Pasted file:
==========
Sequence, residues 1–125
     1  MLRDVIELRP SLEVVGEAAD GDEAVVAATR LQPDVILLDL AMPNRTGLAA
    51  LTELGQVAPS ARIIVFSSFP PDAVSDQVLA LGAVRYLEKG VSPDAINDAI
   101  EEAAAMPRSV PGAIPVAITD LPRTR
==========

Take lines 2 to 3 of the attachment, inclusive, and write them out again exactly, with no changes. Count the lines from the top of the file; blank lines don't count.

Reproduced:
     1  MLRDVIELRP SLEVVGEAAD GDEAVVAATR LQPDVILLDL AMPNRTGLAA
    51  LTELGQVAPS ARIIVFSSFP PDAVSDQVLA LGAVRYLEKG VSPDAINDAI